How is Christianity different from other world religions?

Peter Sean Bradley comments on the Hindu/Christian debate I posted yesterday. The debate really showed the difference between how Hindus view religion and how Christians view religion. I thought one of his points was particularly interesting.

Peter Sean Bradley writes:

According to Professor Philip Carey, Christianity is unique in the religious-sphere because of its obsession with the person of Jesus.  Because Christianity is about a person, it is essential to know who that person is, which therefore puts a heavy emphasis on doctrine, specifically correct doctrine, about the person of Jesus.  Christianity is thus a faith rather than simply a practice and faith – being intellectual adherence to ideas – are by definition exclusive.  One can, for example, be faithful to many things, until there is a conflict among those things, and then the true faith has to be determined. This is the reason for the Christian obsession with orthodoxy, i.e., “correct belief,” rather than some Christian proclivity for hair-splitting.

The apostle Paul writes in 1 Corinthians 15:12-14:

12But if it is preached that Christ has been raised from the dead, how can some of you say that there is no resurrection of the dead?

13If there is no resurrection of the dead, then not even Christ has been raised.

14And if Christ has not been raised, our preaching is useless and so is your faith.

Basically, Christianity is the only religion that stands or falls on a historical event: the resurrection. Either it happened or it didn’t. And the job of every individual is to test for themselves and act accordingly. Christianity is about truth – what really happened. If people are just interested in religion to comfort them, or to spur them towards good deeds, or as a cultural/ethnic identity, or as a set of rules and rituals, then they cannot be Christians.

Consider the words of Jesus from John 18:36-37, when he is being questioned by Pilate:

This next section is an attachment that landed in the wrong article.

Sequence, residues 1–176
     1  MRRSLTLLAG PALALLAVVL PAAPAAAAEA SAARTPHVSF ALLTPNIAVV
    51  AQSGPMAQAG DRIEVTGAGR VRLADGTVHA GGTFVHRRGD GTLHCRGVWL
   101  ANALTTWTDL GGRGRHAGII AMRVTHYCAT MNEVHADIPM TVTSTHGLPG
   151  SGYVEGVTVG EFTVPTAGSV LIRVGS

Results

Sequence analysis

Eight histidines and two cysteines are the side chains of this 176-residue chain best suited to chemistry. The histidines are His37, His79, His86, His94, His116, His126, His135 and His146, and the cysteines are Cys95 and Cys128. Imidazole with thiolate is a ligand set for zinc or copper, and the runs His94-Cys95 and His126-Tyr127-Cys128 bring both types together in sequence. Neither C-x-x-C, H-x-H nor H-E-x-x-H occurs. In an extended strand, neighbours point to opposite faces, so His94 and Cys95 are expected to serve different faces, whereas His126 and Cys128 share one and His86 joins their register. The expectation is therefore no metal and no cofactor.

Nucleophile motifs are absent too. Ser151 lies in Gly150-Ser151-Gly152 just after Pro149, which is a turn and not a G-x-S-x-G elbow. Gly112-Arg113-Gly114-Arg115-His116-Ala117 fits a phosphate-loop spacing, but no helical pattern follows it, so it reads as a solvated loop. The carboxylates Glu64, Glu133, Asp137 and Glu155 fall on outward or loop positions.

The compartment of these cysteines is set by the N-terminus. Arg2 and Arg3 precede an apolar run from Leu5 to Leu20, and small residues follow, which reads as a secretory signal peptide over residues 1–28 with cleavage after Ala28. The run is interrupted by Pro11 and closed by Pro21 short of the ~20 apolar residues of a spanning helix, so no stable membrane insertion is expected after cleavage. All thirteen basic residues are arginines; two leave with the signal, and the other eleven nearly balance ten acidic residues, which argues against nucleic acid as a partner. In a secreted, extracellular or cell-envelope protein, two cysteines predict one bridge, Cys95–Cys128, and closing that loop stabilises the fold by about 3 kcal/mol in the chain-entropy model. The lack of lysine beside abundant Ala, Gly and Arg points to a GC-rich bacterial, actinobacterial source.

36Jesus said, “My kingdom is not of this world. If it were, my servants would fight to prevent my arrest by the Jews. But now my kingdom is from another place.”

37“You are a king, then!” said Pilate.
Jesus answered, “You are right in saying I am a king. In fact, for this reason I was born, and for this I came into the world, to testify to the truth. Everyone on the side of truth listens to me.”

And it turns out that Hindus are not the only ones who tend to think that religion is not about propositional truth. Peter Sean Bradley cites this interview with Paula Fredricksen, a Jewish historian who specializes in ancient history. Paula says that even Judaism is not exclusive in the sense that it required pagans to abandon other gods in order to worship in the Jewish synagogue.

My experience dealing with Jewish believers is that they have one of two views. The ones I’ve met were either cultural Jews who are functional atheists, or they believed that a religion is “true” so long as it results in good works. In my experience, debates and apologetics are not emphasized in Judaism, (or in Hinduism). Two of my favorite radio talk show hosts are Jewish. Michael Medved (orthodox) and Dennis Prager (Reformed), have both stated this point of view on air many times.